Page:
“We have an inverted yield curve, a negative savings rate, six-year-high industry operating rate, multiyear-high commodity prices, cycle-high profit margins, uncomfortably high unsold inventories of both homes and autos, and a peaking-out in housing starts — all classic late-cycle developments…Be wary of the pundits telling you how great soft landings are. They hardly ever happen. The odds of a soft landing after a Fed tightening cycle inverted the entire yield curve are slim.”
-Merrill Lynch’s David Rosenberg
>

That quote is in a NYT column by reporter Conrad de Aenlle, who seems to be making up for his puff piece on employment last week. Aenlle continues:

“There’s more than a small chance of going into recession,” said James C. Cusser, a senior bond manager at Waddell & Reed. “It’s smaller than 50 percent, but a year ago that would have been off the table.”

"The catalyst could come from the Fed if it continues to raise rates, with or without a pause this week. Persistent tightening could push rates on adjustable-rate mortgages past some unidentified tipping point, he said.

James B. Stack, editor of the InvesTech Market Analyst newsletter and an investment adviser with a conservative approach, offered no odds, but he still worries that a recession may be on the way.

One concern is the National Association of Home Builders Confidence survey. The last time the mood of builders sank as low as it is now, Mr. Stack wrote, “the economy was just three months away from entering the 1990 recession.”

Incidentally, Stack is the first newsletter I recommend to laypeople who want to do very little tweaking on their holdings; He is straight forward, and invests quite conservatively.

I would add utilities to the defensive sectors recommended by Rosenberg: 

"Health care and consumer staples, industries known for producing stable earnings streams in challenging economic conditions and areas of the stock market that have produced high returns in past recessions. Since 1973, the two groups have risen at annualized rates of more than 28 percent when the economy is in recession, he pointed out.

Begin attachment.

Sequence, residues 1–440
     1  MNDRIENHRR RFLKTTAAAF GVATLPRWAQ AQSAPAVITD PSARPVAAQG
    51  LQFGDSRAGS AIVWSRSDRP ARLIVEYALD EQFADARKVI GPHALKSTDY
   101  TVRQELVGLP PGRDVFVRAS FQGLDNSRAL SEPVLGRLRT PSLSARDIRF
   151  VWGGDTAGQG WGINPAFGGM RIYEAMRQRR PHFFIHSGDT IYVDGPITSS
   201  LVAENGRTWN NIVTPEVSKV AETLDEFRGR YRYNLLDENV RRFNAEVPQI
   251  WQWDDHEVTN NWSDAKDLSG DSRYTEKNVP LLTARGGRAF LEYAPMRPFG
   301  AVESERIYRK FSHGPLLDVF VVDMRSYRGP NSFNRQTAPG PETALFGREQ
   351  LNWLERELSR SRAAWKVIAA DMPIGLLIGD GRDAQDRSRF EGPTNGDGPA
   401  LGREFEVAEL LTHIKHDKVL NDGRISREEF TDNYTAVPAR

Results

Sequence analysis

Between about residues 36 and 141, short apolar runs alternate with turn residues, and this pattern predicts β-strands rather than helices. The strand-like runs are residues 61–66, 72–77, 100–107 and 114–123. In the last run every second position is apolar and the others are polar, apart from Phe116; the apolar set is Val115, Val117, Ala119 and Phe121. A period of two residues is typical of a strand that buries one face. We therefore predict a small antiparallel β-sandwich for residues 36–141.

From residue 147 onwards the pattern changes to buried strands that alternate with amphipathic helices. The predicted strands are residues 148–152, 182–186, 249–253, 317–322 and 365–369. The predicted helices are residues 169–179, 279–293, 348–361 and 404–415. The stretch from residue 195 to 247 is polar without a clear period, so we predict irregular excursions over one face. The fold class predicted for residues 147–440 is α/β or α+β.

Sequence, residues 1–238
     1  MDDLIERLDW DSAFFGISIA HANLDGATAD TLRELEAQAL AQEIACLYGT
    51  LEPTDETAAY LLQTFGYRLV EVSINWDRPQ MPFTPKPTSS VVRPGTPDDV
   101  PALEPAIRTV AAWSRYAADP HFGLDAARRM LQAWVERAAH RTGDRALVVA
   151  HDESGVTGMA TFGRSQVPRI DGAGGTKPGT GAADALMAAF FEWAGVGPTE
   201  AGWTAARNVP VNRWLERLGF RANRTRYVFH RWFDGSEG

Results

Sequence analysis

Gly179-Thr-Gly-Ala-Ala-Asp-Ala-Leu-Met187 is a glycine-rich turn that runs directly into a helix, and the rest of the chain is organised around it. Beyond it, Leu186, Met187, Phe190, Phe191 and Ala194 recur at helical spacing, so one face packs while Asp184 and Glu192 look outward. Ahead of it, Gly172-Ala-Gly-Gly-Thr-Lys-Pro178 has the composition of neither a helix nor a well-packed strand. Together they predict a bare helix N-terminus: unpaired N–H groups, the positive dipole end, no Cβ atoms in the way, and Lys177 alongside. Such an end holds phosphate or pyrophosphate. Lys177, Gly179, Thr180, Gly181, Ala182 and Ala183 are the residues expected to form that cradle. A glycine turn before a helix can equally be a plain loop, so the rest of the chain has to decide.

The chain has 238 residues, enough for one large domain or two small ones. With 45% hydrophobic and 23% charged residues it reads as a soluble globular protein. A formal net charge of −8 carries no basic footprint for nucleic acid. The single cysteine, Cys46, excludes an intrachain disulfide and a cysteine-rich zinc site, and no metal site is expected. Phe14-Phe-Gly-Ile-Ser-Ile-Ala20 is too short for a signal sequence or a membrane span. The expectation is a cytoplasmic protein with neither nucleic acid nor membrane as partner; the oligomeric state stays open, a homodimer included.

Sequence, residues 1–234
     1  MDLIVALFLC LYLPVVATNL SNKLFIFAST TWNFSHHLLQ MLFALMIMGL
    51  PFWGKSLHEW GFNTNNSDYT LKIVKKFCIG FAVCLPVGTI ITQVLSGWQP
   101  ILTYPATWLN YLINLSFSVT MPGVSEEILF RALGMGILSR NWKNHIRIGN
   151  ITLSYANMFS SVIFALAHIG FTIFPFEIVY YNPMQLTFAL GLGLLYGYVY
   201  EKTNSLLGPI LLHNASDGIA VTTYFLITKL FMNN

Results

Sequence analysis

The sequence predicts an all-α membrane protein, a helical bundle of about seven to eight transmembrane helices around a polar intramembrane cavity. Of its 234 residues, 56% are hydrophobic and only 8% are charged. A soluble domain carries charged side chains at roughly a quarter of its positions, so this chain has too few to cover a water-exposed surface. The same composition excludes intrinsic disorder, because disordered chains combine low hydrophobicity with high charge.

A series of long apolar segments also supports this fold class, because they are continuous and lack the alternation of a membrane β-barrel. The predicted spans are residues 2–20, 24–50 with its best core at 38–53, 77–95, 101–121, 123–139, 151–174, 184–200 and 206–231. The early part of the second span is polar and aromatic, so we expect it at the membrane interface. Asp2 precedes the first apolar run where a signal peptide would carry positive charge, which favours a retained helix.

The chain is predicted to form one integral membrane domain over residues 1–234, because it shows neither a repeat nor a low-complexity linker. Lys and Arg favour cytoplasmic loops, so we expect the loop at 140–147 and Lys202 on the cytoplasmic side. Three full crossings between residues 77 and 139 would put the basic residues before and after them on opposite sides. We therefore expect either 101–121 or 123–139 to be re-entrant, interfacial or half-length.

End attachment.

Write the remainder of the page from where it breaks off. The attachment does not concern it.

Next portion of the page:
Stack recommends a 47 percent investment in stocks and 23 percent in cash, and the stocks he favors are concentrated in the same sectors Mr. Rosenberg mentioned. His choices include Dentsply International, a maker of dental products; Biomet, a manufacturer of surgical implants; and the beverage companies PepsiCo and Diageo."

Source:
Market Values
Talk Turns to Chances of Recession
CONRAD de AENLLE
NYTimes, August 5, 2006
http://www.nytimes.com/2006/08/05/business/05values.html

Category: Economy, Employment, Federal Reserve, Investing, Markets, Psychology

Please use the comments to demonstrate your own ignorance, unfamiliarity with empirical data and lack of respect for scientific knowledge. Be sure to create straw men and argue against things I have neither said nor implied. If you could repeat previously discredited memes or steer the conversation into irrelevant, off topic discussions, it would be appreciated. Lastly, kindly forgo all civility in your discourse . . . you are, after all, anonymous.

54 Responses to “What are the Odds of a Recession?”

  1. Craig H says:

    Can’t argue with the DEO chart, but it looks a little overbought on the daily for an entry. A pullback to 68-69 would be nice.

    Booze is always a crowd pleaser.

  2. bsi87 says:

    Anyone worth his salt knows that one can’t determine a recession until after the fact and the official definition is 2 consecutive quarters of negative growth in real GDP. IMO it’s pretty much a wasted exercise.

  3. CDizzle says:

    Barry (and gang):

    As opposed to evaluating the odds of an impending recession, allow me to ask this question:

    When did we last see this (quasi) perfect storm of recession indicators spelled out by Mr. Rosenberg (and a host of others) and avoid a recession?

    In essence, could we possibly more quickly get to the heart of the issue by asking:

    What are the odds of AVOIDING a recession?

  4. glenn says:

    bsi87,

    anyone worth their salt knows that your above comment is FALSE. ECRI for one nailed the 2001 recession months before its start date. FWIW, at this point in time, they do not see a recession in our immediate future (out about 6 months), but I for one am paying very close attention to their WLI index…it’s growth rate is about to go negative for the first time in a while.

  5. glenn says: